Hays has posted flat revenue growth in the last quarter of its financial year. The recruitment agency said income declined in a “tougher” private sector market in the UK and Ireland. Hays reiterated its full-year operating profit guidance, saying it will hit market expectations of £248m. Meanwhile, James Reed, chairman of Britain’s biggest recruiter Reed, has revealed that the company saw the biggest fall in job vacancies since 2010 in June, an indication that “worrying storm clouds are forming around the UK’s job market.”

Revenues surge at Gateley

Gateley has posted record results in the year to 30 April 2019. The listed law firm saw revenues rise 20% to £104m, with profit after tax increasing 10.6% to £13m.


London Tulip skyscraper plan rejected

Sadiq Khan has advised planners to reject proposals for a new skyscraper to be built beside the Gherkin tower. The London Mayor said a number of concerns raised in a London Review Panel report meant the Tulip tower would harm the skyline and had few public benefits.


Anti-fraud measures could disrupt e-commerce

New anti-fraud measures coming in September are expected to cause chaos and confusion for online shoppers, as up to a third of transactions could fail. Shoppers will be required to relay passwords sent by text or email on any order of more than £27. The BRC has written to the FCA, which is implementing the new “strong customer authentication” rules, warning: “Confusion will lead to abandoned purchases, decline of valid transactions and poor customer experiences.”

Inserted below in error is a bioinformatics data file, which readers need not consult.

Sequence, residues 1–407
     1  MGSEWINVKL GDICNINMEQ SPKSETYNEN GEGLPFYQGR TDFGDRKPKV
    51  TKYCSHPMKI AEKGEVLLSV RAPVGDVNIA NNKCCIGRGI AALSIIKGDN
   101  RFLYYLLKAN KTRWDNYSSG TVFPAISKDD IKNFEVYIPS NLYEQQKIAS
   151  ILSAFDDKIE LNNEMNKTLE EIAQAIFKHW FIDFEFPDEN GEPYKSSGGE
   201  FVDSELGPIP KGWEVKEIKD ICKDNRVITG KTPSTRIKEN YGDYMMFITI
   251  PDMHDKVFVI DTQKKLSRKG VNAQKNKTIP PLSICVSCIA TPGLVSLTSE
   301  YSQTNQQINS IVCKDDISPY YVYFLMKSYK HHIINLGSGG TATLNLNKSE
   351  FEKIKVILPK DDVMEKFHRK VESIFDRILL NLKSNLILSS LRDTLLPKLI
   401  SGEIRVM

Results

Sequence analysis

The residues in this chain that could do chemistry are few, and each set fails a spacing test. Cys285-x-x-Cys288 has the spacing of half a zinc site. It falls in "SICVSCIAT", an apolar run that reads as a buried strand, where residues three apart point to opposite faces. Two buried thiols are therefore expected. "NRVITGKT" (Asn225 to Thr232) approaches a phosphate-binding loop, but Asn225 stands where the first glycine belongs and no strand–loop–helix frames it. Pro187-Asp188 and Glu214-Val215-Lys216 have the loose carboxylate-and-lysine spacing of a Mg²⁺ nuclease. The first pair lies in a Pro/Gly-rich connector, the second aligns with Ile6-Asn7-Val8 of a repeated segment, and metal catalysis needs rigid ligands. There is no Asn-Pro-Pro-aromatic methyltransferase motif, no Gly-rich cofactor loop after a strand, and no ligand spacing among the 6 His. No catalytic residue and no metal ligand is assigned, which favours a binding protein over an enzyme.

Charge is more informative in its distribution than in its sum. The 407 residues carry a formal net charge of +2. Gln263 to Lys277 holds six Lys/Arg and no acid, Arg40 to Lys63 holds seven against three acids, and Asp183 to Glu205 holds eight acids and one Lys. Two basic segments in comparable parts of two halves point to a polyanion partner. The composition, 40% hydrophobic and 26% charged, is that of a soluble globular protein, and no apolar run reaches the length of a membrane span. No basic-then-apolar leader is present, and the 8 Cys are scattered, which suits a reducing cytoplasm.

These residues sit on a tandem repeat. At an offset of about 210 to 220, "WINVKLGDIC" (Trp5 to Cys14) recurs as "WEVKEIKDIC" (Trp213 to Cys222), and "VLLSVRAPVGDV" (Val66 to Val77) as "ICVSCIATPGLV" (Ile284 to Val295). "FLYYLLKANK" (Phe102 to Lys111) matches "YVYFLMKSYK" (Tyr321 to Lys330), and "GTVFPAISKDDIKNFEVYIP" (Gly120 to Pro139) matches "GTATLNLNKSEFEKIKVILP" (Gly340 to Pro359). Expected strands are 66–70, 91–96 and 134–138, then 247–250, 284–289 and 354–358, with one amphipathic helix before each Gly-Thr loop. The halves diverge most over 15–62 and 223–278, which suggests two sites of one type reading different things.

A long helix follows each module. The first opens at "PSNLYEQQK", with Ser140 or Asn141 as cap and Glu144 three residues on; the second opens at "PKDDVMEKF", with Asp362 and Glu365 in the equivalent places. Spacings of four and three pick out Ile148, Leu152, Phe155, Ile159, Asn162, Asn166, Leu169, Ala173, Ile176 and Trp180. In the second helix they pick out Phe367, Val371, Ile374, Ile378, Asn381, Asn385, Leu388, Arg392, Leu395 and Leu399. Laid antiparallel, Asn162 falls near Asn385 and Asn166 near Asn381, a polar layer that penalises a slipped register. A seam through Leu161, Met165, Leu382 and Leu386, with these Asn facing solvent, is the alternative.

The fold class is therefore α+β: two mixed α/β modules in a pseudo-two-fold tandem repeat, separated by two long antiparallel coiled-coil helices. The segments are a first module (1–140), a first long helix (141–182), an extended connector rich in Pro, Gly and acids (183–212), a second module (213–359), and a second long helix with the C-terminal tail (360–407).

Tisci boosts sales for Burberry

Burberry has reported a better-than-expected 4% rise in first-quarter like-for-like sales, boosted by new designs from chief designer Riccardo Tisci, who replaced Christopher Bailey last year. The company maintained its forecast for broadly stable revenue and operating margin at constant exchange rates for the 2020 financial year.


Wage growth at highest rate since 2008

Wage growth in the UK rose to 3.6% in the year to May 2019, the highest growth rate since 2008, according to Office for National Statistics figures. Wages have been outpacing inflation since March 2018. A record high of 32.75m people were in employment up to the end of May, while 1.29m were out of work, the lowest since at least 1992. "The labour market continues to be strong," said ONS deputy head of labour market statistics Matt Hughes. "The number of self-employed part-timers has passed one and a half million for the first time, well over double what it was 25 years ago," he added. "Regular pay is growing at its fastest for nearly 11 years in cash terms, and its quickest for over three years after taking account of inflation."